Brian Louis Pearce


SIR: In her review of my book Katherine Anne Porter: A Life (LRB, 19 May), Penelope Gilliatt makes much of the fact that I spent twenty years writing the book She jeers and sneers at this extraordinary time-span. I do not think it is ridiculous for a biographer to spend twenty years researching and writing a book. There might be more accurate and more well-written biographies if this were done. The only thing is that I did not spend twenty years writing mine. I began the book in 1976 just after Miss Porter invited me to do so and when I happened to have a year’s leave from my teaching job. I lost a year because of illness and finally finished the book in 1980. By a coincidence which has never stopped amazing me, the book arrived on my editor’s desk on the day Porter died – 18th September 1980. It sat there for a very long time – excruciatingly long for me. Finally the book was published in the United States in 1982.

I do not know why Penelope Gilliatt made such an odd mistake. It is true that in the years before I worked on the biography I had written articles on Porter’s work and one on her life, as I had written on other authors – Eudora Welty, Virginia Woolf, Hawthorne etc. But I have not been writing on literary subjects for twenty years. I think she must have confused the time I spent on my book with the time that Porter spent writing Ship of Fools. Porter did spend twenty years on that.

There are many other errors in Penelope Gilliatt’s review, such as her statement that ‘Katherine Anne Porter became a reporter, writing stories (short) for a Chigaco newspaper.’ Porter never wrote stories, long or short, or anything else that I have come across (except a letter to the editor) for a Chicago newspaper. These errors are too numerous to list here but will be easily spotted by readers of the biography. Your reviewer seems to have a contempt for accuracy which I find rather strange.

Joan Givner
University of Regina, Canada

Miz Peggy

SIR: One hopes that soon some merciful editor throws a dust sheet over Miz Penny’s typewriter and a damp bath sheet over Miz Penny’s flaming red head, before allowing her to write another such review (LRB, 15 September). It is, in fact, less of a review than a dazzlingly callous catalogue of Margaret Mitchell’s physical disabilities and disorientation. In an article spread across four columns of two-thirds of a page, Anne Edwards’s name is perfunctorily mentioned, she is given a token pat for having written a good biography, but how good is left for your readers to surmise. Her book is used as the structure on which to hang a web of sick fantasy. Penelope Gilliatt has, almost always, been possessed of wit, but equally and unfortunately, deficient in either taste or tact. Nevertheless, one hopes Miz Penny’s new novel sells as well as Miz Peggy’s – then she too can retire to, of all places, a writers’ colony.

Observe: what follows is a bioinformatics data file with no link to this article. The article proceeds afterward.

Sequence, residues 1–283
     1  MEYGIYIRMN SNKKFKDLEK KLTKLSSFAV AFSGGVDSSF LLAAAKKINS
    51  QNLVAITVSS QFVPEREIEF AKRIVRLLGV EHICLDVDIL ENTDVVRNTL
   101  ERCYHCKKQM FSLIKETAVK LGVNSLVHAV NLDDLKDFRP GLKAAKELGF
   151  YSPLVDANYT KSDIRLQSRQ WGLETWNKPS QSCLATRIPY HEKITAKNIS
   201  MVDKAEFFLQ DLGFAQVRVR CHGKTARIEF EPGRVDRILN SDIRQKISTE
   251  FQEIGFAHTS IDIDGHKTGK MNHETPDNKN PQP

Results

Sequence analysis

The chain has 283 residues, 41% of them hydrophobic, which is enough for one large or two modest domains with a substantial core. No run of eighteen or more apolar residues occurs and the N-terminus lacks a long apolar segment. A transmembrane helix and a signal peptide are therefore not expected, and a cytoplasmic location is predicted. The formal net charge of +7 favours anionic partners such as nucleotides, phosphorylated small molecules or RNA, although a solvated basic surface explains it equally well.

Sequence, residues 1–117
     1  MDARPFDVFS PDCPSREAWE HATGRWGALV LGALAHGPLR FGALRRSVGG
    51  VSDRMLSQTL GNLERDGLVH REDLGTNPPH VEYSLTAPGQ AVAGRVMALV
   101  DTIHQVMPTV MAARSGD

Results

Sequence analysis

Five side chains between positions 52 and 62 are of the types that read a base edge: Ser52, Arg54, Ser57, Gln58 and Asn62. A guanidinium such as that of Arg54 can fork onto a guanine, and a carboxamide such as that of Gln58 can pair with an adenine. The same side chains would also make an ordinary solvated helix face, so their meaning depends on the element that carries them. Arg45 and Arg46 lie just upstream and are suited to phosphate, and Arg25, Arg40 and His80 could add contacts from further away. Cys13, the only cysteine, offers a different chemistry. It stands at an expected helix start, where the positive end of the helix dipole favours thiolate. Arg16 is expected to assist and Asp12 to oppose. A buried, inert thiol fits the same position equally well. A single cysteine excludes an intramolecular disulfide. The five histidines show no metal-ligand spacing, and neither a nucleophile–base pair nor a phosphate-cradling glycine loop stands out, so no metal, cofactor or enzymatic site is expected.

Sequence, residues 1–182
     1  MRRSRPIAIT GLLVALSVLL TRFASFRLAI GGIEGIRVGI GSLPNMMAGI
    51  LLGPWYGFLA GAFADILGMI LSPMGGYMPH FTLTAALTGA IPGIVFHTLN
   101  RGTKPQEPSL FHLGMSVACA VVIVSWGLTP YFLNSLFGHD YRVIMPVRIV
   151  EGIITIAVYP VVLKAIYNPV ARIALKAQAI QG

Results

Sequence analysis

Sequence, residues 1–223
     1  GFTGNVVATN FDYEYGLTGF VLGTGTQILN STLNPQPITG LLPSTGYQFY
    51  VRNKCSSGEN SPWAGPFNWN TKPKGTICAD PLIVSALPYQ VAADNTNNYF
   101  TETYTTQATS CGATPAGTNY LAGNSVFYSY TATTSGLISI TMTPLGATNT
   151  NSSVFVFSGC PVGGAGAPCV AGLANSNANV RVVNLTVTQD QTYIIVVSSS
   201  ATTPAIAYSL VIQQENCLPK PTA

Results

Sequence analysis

Jocelyn Rickards
London NW8

Margery Allingham

SIR: I am working on a biography of the novelist the late Margery Allingham. Should any of your readers possess letters or other documents by her, or be willing to share reminiscences and information, I would be glad to hear from them.

Richard Martin
Locherstrasse 28, D-5100 Aachen, West Germany


SIR: Readers of Gavin Millar’s article ‘The Scandalous Charm of Luis Buñuel (LRB, 1 September) may be interested to know that we are publishing Buñuel’s autobiography, all too aptly entitled My Last Breath, on 26 January 1984.

Liz Calder
Jonathan Cape, London WC1

John Frank

SIR: For a research project I am seeking any information available concerning John Frank, who could be Jan Frankel or Jan Frankl, once a secretary of Leon Trotsky. He is known to have lived in New York City and in Los Angeles, California.

Pierre Broué
Institut d’Etudes Politiques,de Université de Grenoble, Domaine Universitaire BP 45, F38402 Saint Martin d’Heres, Cedex, France

‘The Subversive Family’

SIR: I was particularly interested to see the review of Ferdinand Mount’s The Subversive Family (LRB, 1 September). We in fact publish the Counterpoint paperback edition on 29 September at £2.95.

Philippa McEwan
Unwin Paperbacks, London WC1

Read anywhere with the London Review of Books app, available now from the App Store for Apple devices, Google Play for Android devices and Amazon for your Kindle Fire.

Sign up to our newsletter

For highlights from the latest issue, our archive and the blog, as well as news, events and exclusive promotions.

Newsletter Preferences